Weller's climb back to the top of the charts was not easy. After Polydor rejected the Style Council's fifth, house-influenced album in 1989, Weller broke up the group and lost both his record contract and his publishing deal. Over the next two years, he was in seclusion as he revamped his music. In 1991, he formed the Paul Weller Movement and released "Into Tomorrow" on his own independent label, Freedom High Records. A soulful, gritty neo-psychedelic song that represented a clear break from the Style Council, "Into Tomorrow" reached the U.K. Top 40 that spring, and he supported the single with an international tour, where he worked out the material that comprised his eponymous 1992 solo debut. Recorded with producer Brendan Lynch, Paul Weller was a joyous, soulful return to form that was recorded with several members of the Young Disciples, former Blow Monkey Dr. Robert, and Weller's then-wife, Dee C. Lee. The album debuted at number eight on the U.K. charts, and was received with positive reviews.
Wild Wood, Weller's second solo album, confirmed that the success of his solo debut was no fluke. Recorded with Ocean Colour Scene guitarist Steve Cradock, Wild Wood was a more eclectic and ambitious effort than its predecessor, and it was greeted with enthusiastic reviews, entering the charts at number two upon its fall 1993 release. The album would win the Ivor Novello Award for Outstanding Contemporary Song Collection the following year. Weller supported the album with an extensive tour that featured Cradock as the group's leader; the guitarist's exposure on Wild Wood helped him successfully relaunch Ocean Colour Scene in 1995. At the end of the tour, Weller released the live album Live Wood late in 1994. Preceded by "The Changingman," which became his 17th Top Ten hit, 1995's Stanley Road was his most successful album since the Jam, entering the charts at number one and eventually selling nearly a million copies in the U.K.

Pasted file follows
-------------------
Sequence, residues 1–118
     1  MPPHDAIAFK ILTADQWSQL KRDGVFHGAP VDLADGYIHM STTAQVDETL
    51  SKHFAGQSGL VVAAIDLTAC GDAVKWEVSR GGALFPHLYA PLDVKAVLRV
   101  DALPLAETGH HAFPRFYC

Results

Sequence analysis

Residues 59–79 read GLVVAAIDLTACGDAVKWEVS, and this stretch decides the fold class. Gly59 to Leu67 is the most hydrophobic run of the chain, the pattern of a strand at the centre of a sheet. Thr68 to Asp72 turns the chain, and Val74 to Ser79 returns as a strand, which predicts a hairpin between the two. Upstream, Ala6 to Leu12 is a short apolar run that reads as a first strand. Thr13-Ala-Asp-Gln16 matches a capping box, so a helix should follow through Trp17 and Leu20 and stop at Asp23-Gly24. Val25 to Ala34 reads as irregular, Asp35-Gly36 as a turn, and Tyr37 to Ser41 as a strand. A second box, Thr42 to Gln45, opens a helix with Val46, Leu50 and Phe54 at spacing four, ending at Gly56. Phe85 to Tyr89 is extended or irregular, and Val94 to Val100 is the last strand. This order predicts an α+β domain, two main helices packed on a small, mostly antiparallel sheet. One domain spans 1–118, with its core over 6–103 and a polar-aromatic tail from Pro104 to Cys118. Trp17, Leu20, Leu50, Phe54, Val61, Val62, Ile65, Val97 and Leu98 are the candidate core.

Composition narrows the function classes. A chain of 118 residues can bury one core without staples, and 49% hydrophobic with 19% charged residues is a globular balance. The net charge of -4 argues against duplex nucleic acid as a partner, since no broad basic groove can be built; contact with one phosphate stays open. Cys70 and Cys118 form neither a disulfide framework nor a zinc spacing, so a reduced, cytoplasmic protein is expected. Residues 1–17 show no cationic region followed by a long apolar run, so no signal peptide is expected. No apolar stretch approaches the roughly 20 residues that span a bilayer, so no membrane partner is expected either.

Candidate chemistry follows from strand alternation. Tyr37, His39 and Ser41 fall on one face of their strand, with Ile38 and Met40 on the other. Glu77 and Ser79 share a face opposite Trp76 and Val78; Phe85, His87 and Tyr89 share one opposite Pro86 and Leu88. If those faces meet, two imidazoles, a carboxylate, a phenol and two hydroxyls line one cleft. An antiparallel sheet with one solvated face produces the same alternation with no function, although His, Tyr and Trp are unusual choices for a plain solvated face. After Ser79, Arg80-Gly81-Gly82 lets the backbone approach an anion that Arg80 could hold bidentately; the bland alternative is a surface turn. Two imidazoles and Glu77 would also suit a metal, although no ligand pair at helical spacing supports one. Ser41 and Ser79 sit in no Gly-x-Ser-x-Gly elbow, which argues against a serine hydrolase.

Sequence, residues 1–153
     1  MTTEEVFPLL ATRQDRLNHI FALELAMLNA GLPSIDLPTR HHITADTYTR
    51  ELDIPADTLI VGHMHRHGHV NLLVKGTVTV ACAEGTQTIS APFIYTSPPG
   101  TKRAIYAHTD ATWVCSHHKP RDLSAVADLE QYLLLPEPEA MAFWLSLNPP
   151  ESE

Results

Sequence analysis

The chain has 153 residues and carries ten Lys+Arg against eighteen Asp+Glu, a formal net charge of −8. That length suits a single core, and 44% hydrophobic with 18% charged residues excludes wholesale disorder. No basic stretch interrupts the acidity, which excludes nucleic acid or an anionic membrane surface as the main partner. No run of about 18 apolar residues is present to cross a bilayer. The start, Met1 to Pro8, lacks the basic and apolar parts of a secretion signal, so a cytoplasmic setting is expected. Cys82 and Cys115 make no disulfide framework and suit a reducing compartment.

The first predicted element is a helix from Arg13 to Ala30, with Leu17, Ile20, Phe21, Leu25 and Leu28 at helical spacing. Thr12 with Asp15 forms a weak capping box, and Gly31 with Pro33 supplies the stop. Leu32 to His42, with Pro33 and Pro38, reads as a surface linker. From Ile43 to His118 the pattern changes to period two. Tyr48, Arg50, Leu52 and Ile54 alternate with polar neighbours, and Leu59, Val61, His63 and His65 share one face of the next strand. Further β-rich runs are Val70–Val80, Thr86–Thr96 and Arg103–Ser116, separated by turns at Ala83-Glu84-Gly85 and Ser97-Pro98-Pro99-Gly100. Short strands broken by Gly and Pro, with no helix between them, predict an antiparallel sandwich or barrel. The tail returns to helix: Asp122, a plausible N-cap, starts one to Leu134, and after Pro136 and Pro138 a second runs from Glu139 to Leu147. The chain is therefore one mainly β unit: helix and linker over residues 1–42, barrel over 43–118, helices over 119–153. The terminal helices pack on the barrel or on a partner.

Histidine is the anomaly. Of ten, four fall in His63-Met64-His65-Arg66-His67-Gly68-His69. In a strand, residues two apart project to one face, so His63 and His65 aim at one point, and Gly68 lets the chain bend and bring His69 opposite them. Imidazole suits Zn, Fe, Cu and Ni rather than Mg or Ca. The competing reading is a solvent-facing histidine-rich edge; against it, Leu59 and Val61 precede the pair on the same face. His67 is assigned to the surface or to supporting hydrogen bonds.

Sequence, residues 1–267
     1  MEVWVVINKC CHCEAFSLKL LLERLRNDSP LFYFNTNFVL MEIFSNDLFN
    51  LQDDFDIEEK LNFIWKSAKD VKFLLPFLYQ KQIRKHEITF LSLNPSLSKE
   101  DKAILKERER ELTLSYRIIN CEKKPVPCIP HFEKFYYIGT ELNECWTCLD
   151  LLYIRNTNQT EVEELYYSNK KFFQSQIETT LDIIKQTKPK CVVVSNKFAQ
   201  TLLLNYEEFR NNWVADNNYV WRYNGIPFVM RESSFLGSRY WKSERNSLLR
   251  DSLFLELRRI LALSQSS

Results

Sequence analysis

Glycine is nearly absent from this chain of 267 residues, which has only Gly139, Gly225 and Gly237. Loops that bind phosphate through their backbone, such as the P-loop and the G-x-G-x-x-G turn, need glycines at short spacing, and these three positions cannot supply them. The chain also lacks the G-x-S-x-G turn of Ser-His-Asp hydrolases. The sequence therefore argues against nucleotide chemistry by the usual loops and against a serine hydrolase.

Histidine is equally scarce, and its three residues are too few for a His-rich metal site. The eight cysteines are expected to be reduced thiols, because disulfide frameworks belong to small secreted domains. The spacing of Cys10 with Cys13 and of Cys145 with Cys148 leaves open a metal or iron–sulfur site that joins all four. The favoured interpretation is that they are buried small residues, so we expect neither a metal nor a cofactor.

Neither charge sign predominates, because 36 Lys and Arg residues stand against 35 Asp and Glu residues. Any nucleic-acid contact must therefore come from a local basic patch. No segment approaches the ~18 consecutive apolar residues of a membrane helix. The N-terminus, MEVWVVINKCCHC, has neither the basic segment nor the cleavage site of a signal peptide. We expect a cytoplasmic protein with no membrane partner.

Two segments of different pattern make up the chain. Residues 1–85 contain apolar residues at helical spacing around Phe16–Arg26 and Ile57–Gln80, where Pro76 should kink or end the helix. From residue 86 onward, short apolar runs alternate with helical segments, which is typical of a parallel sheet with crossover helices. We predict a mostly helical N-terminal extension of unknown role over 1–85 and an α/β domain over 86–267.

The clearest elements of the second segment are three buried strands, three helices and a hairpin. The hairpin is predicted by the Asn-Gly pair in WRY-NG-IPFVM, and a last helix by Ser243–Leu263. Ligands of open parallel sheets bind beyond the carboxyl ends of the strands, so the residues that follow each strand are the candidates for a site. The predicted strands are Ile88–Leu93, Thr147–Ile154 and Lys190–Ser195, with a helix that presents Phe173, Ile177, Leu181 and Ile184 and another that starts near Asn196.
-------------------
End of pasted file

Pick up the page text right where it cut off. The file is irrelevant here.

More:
By this point, Weller decided to stop attempting to break into the United States market and canceled his North American tour. Of course, he was doing so well in the England that he didn't need to set his sights outside of the U.K. Stanley Road may have been greeted with mixed reviews, but Weller had been re-elevated to his status as an idol, with the press claiming that he was the father of the thriving Brit-pop movement, and artists like Noel Gallagher of Oasis singing his praises. In fact, while neither artist released a new album in 1996, Weller's and Gallagher's influence was felt throughout the British music scene, as '60s roots-oriented bands like Ocean Colour Scene, Cast, and Kula Shaker became the most popular groups in the U.K.
Weller returned in the summer of 1997 with Heavy Soul. Modern Classics: Greatest Hits followed a year later. Heliocentric — which at the time of its release he claimed was his final studio effort — appeared in the spring of 2000. The live record Days of Speed followed in 2001, and he released his sixth studio album, Illumination, in 2002. A collection of covers called Studio 150 appeared in 2004, followed by an all-new studio release, As Is Now, in October of 2005 on Yep Roc. Released in 2006, Catch-Flame! Live at the Alexandra Palace preceded Yep Roc’s mammoth Hit Parade box set. It was followed in 2008 by 22 Dreams, a two-disc studio epic that managed to touch on all of Weller's myriad influences. His tenth solo album, Wake Up the Nation, was released in 2010 and it proved another success, earning a nomination for the Mercury Music Prize. Weller's next album, Sonik Kicks, arrived in the spring of 2012; it debuted at number one in the U.K. and was eventually certified silver. The summer of 2014 brought More Modern Classics, a second solo hits compilation that rounded up the singles Weller released after Heavy Soul. The next spring, Weller returned with his twelfth solo album, Saturns Pattern.